Most people have, at some point, lost to opponents they shouldn't have lost to. This is another way of saying, one player was perceived to be of much higher skill, but didn't win for some reason. I want to examine and think about this phenomenon a bit. Because, even though it can be a valid way to assess an outcome as an upset, it can also be a very destructive mentality.
First off, the odds of losing when you shouldn't vary from game to game. High punishment for mistakes is a catalyst for upsets, so games like Marvel vs. Capcom permit less knowledgeable and experienced players to win and perform upsets if they can avoid dropping combos, because one random error from an experienced player might give them the window for victory. The surprise from the first error might lead to stress or an over-correction, causing a second mistake, and by then it may just be too late. Games where you are punished less for individual mistakes, however, lets a player who is playing slightly off, or getting legitimately unlucky (when applicable) have more chances to fix things. It should follow that the longer your sets, (a single game, compared to best of five) will shift odds to the more skilled player. More time to compose themselves, analyze things, and more consistency will generally win out over time.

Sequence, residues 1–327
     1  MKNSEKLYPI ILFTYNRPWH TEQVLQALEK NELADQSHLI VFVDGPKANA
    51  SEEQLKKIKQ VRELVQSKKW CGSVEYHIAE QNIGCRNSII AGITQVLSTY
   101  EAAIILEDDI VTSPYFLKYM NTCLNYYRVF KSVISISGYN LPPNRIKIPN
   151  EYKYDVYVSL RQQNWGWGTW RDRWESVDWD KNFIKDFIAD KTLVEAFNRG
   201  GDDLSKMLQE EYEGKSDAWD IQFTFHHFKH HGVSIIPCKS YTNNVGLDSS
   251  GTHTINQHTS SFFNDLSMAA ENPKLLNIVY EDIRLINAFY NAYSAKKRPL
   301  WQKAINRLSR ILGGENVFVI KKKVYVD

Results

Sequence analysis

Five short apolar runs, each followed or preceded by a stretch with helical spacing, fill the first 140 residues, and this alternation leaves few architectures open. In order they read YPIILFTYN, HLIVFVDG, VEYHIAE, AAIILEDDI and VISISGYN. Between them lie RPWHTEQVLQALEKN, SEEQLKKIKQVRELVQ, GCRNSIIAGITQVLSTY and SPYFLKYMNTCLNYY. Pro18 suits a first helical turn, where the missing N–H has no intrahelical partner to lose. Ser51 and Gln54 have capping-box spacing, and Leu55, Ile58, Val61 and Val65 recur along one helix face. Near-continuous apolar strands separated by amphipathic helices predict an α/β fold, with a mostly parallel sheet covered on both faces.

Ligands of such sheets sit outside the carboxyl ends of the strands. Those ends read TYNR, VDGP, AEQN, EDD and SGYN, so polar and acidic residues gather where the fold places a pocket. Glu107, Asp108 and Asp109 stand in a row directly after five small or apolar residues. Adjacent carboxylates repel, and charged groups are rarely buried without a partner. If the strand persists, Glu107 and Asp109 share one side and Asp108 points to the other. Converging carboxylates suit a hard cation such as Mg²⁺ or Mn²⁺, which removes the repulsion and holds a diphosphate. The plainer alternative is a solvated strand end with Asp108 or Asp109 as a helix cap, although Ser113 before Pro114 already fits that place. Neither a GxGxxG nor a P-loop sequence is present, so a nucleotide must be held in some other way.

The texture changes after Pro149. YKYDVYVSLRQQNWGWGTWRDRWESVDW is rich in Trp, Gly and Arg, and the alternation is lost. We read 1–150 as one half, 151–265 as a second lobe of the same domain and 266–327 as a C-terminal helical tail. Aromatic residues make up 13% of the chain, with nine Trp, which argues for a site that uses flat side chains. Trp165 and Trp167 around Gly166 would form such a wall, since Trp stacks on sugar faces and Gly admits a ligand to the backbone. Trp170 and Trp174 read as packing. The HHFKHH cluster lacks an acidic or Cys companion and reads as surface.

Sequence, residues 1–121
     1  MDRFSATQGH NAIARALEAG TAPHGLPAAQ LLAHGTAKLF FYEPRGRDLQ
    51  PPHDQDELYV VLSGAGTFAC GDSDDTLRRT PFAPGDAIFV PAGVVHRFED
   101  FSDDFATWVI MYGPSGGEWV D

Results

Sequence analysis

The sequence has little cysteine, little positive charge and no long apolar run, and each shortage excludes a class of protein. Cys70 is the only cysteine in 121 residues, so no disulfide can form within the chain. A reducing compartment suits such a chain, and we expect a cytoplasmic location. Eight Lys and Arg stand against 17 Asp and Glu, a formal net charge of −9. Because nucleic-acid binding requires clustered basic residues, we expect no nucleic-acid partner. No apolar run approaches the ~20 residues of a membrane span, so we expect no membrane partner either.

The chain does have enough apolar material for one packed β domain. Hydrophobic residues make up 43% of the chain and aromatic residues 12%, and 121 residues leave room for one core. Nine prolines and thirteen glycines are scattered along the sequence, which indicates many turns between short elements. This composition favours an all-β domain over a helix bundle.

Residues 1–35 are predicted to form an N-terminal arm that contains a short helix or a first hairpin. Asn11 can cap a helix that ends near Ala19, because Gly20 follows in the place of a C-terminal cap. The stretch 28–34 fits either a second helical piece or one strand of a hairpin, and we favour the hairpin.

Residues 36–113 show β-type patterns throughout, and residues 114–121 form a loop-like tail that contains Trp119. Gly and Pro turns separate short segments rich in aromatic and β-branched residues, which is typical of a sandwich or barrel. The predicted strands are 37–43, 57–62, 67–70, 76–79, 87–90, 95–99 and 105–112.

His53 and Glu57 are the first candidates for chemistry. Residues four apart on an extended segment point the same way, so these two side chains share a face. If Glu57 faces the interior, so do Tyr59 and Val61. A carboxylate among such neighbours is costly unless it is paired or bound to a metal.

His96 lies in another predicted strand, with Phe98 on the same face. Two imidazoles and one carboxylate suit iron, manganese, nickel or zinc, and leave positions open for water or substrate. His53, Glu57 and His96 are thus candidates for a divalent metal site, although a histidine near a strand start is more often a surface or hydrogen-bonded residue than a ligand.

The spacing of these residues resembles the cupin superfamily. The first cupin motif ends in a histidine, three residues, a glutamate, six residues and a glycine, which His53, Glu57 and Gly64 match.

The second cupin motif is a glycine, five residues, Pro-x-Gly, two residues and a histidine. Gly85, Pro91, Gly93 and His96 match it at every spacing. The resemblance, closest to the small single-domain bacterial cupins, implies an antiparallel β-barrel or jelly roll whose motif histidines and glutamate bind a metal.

The odds of being upset can also depend on your play-style. Some people play very defensive, safe, and fundamental, and some players take big offensive risks. Riskier players, especially in games where you are punished for errors, are more prone to being upset.
Lower level players are more prone to upsets for a large variety of reasons. Less skill at handling the pressure of being behind, worse fundamentals to fall back upon, and less consistency overall will all contribute to losing when they shouldn't. So even though skill is relative, lacking skills that prevent upsets will make upsets more likely.
That's all very interesting. But there is something of a tautology here, which is this: you measure skill by somebody's ability to win. Losing when you have more skill does not logically follow. You might speak in terms of probability, saying "I win about 85 out of 100 games and he got a few of his good ones in a row." You may take outside factors into account: I had a fever and he had Adderall. You might say, "he should have won, but then he dropped his game-winning combo and let the pressure get to him, causing more mistakes." At that point, you are making an analysis.